## Sunday, 16 June 2013

### Maths on Steroids: final?

Sorry guys: I tried, but I just couldn't think of a non-trite-sounding first sentence to this post, so I wrote a con-trite-sounding one instead. Okay, maybe I'm not that contrite...in fact, I'm pretty happy with how that sentence turned out. =P

There is perhaps, in the West, a slight cultural inclination towards the belief that teachers are somehow less. After all, it's often said that those who can, do. And those who can't, teach.

I can't be bothered refuting this claim, someone-else has already done it for me. But it does strike me as odd that even in a major segment of the teaching profession: tertiary education, this view is espoused. I took us about two hundred years after the adoption of the printing press in the West for scientific journals to happen (compare with erotic novels, which pretty much happened overnight).

There is no denying that this gadget has been instrumental (*) in the spreading of scientific ideas among academics. But one of the side-effects of the scientific journal has been a shift in the focus of academia. Traditionally, a professor's primary role is to profess that they know nothing about their field of expertise and then hammer you with all the details of how poorly they understand their material over the next few months. But some where along the line, academia started to focus less on teaching and more on the number of and quality of one's publications.

While I agree that there's probably a strong correlation between the two, I feel that it's tragic that some how research is touted as the primary objective of academia, and the noble act of teaching is...disdained.

...hmm...

I dunno, that was a bit of a random start to things. And...and I guess that I have been thinking a bit about teaching. Both of my parents were teachers in China, and they have a very pragmatic approach to teaching: make sure that the kids get good marks on their exams. On the other hand, I can't really name anyone at uni who would explicitly claim that this is the right way to do this; there is a hope that we can steer students far from the perils of an "exam-oriented" approach to study. And I feel... I feel like this is a reflection of an overly simplistic and naive view of human motivation. But...yea, I should go to sleep soon. I'mma fly off to China in a few hours and this is probably just some sort of procrastination.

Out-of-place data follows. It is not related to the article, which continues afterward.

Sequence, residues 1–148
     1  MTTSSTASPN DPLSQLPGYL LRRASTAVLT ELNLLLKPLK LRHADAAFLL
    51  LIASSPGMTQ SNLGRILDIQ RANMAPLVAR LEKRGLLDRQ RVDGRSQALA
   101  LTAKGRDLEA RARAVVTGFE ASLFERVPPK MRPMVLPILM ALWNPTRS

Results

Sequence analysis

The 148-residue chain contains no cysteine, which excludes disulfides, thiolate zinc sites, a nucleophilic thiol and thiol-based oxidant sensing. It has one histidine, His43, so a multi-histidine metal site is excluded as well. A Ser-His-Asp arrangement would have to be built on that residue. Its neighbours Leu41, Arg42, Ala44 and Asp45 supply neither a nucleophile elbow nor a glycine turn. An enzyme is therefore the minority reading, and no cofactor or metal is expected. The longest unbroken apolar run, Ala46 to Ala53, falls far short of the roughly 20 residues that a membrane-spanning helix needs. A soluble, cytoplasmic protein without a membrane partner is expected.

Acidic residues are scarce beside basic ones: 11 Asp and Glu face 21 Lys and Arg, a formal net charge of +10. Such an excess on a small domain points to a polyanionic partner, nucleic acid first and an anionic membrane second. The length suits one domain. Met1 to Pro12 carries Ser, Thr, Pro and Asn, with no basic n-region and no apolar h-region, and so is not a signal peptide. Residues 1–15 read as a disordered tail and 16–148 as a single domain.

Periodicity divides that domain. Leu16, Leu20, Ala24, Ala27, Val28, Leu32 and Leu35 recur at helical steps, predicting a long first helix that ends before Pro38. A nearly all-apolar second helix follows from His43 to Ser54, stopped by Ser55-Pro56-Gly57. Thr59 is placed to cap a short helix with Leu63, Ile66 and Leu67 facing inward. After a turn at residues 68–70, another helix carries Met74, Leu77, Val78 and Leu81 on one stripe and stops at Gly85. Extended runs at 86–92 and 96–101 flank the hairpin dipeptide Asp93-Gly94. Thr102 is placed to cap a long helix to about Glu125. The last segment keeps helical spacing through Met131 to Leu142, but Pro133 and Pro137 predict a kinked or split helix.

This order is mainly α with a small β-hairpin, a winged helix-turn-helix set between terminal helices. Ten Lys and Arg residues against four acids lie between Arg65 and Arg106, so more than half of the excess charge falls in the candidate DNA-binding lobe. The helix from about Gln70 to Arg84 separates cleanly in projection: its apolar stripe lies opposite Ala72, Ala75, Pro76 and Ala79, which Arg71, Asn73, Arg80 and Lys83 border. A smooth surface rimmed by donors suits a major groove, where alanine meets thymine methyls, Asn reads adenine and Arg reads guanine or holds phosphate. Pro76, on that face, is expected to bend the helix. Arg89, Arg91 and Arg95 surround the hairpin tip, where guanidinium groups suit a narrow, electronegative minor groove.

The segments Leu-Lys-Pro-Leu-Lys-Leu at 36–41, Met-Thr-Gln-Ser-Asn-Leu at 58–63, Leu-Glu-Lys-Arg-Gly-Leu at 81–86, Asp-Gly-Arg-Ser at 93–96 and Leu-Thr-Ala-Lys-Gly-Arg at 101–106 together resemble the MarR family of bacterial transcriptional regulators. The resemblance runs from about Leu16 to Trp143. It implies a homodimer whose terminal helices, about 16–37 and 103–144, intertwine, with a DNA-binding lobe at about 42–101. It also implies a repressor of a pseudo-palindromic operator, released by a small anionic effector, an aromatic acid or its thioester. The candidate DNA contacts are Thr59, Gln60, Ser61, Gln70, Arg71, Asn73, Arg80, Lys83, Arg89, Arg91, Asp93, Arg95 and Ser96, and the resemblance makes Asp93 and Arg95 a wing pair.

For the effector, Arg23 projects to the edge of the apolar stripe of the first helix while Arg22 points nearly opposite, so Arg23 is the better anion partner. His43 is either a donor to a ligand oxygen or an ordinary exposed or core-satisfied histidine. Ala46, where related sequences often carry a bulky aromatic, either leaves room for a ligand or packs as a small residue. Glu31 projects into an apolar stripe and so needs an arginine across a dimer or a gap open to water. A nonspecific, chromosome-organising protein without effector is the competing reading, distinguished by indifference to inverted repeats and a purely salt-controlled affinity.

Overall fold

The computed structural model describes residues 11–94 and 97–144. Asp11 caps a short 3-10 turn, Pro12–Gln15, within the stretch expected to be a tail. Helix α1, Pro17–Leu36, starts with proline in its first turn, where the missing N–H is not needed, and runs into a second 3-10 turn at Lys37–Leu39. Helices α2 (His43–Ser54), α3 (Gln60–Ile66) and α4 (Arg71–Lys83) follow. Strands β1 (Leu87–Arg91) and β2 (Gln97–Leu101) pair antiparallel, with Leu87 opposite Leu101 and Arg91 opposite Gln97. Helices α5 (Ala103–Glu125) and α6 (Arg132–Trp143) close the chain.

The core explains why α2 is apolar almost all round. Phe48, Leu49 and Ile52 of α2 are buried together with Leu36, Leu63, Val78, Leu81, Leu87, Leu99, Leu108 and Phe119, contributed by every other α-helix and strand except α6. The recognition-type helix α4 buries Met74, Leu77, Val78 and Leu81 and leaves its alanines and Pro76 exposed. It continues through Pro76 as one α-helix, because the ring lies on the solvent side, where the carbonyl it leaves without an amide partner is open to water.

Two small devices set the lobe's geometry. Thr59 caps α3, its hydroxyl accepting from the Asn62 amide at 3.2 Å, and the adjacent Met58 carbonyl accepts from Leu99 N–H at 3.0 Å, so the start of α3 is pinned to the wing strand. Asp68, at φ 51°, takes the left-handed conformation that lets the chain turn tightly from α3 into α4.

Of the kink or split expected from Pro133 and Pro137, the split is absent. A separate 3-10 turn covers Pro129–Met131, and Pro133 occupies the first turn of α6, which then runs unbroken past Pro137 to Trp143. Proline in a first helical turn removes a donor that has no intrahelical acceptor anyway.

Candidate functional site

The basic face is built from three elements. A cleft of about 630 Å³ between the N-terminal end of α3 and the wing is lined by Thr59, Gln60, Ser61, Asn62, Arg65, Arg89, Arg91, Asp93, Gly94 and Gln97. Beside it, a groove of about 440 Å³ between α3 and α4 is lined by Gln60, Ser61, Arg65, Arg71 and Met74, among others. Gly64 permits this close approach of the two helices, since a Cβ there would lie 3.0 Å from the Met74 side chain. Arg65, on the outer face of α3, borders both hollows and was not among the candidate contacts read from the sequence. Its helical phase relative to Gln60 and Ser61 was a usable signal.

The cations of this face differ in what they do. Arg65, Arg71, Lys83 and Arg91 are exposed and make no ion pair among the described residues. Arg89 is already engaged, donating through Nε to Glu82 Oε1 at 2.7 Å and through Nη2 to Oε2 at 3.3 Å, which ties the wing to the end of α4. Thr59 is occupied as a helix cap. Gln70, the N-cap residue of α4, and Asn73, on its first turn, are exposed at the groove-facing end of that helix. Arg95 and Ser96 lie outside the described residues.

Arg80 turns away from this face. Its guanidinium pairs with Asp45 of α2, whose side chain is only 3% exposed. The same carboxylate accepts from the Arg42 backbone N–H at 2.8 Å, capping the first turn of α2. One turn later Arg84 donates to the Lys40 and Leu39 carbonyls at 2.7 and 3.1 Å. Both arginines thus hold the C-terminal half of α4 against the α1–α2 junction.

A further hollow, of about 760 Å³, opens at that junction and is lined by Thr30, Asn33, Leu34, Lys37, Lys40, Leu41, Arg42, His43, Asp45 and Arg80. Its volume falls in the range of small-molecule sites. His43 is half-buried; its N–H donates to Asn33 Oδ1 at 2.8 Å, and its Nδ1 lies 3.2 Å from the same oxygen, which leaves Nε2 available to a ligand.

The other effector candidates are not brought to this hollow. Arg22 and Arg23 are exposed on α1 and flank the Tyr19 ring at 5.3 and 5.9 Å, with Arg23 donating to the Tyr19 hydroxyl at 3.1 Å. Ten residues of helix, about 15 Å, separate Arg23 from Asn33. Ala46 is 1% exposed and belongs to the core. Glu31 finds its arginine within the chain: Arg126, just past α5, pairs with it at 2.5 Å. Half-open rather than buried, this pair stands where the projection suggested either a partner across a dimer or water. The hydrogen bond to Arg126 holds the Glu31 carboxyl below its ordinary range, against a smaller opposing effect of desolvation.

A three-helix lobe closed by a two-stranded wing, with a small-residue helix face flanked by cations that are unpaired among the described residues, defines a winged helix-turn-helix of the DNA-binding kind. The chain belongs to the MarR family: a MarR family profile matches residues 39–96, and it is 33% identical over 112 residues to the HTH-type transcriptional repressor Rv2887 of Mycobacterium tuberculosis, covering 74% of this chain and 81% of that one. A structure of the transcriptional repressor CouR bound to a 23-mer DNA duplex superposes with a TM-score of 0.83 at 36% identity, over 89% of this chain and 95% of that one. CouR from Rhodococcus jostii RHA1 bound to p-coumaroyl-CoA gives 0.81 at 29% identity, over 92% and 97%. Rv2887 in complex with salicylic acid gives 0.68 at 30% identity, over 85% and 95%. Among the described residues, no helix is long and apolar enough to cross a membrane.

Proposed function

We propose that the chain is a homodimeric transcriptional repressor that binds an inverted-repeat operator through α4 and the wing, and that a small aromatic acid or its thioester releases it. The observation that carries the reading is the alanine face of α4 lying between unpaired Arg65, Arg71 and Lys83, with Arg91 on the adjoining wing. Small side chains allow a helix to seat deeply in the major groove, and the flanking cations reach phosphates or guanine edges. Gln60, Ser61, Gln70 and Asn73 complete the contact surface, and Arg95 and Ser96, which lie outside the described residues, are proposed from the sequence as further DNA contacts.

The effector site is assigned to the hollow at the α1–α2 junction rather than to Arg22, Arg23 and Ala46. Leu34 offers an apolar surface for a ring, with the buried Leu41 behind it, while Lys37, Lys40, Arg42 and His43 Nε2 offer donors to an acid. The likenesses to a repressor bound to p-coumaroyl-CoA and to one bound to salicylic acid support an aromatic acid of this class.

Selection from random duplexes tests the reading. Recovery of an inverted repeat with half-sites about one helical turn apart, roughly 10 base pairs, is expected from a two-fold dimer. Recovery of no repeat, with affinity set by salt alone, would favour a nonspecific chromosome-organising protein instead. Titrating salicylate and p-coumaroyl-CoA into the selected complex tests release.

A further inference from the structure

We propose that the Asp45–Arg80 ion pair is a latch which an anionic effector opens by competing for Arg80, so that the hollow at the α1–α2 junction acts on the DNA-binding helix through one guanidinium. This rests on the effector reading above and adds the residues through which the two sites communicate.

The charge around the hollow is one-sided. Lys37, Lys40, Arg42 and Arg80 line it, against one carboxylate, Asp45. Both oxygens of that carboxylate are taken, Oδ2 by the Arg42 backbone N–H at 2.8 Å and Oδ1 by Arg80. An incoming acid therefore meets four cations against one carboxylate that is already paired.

Orritey! It's tiiime fooooor...

General Exam tips:
1. Get full marks.
2. Aim to get 120/100. When you fail to achieve your goals, you'll still have full marks.
3. Keep your hands warm. My personal preference is to bring a trashcan full of charcoal - this way, you can roast chestnuts while you get full marks! Failing that, I guess you could go buy one of those Japanese hand-warmer packs from Daiso?
4. Do the questions in order. I know that one of the standard pieces of advice that we're supposed to tell peeps is that you DON'T NEED TO do the questions in order. But, it's much harder for BOTH you and your exam marker to miss one of the questions this way. I think that the only reason that we're supposed to tell you that you don't need to do stuff in order is because sometimes people get stuck on one question and waste waaaaay too much time on it. So...
5. Don't waste waaaay too much time on one question.
6. Do not leave an exam 2 hours early because you finished it and you and your friends "agreed" beforehand that you were all going to finish waay early and go out and party and stuff and then they end up not leaving 2 hours early and you get sunburnt/frostbite standing outside the exam hall and you realise much later that you forgot to do one of the questions because it was hella annoying and you were gonna leave it till the end sad face.
7. Write in English where necessary.
And hints to the questions that I gave you guys in the last post:
1. Duh. It's all Greek to me.
2. Just do some computations with monomials.
3. *Cough* the eigenvectors should be all the monomials...just make sure that you do some sample computations and define the right generalisation of $$T$$.
4. I think that it's probably important to have two variables? Maybe???
5. The trick is to group things into sequences of two (non-overlapping) days.
6. *Cough* ...just...*cough*.
7. Diagonalise it!

Orrite. Own those exams guys! Own them like you paid fees to attend uni. =P

*: you can't really deny it because gadgets are pretty much instruments, right?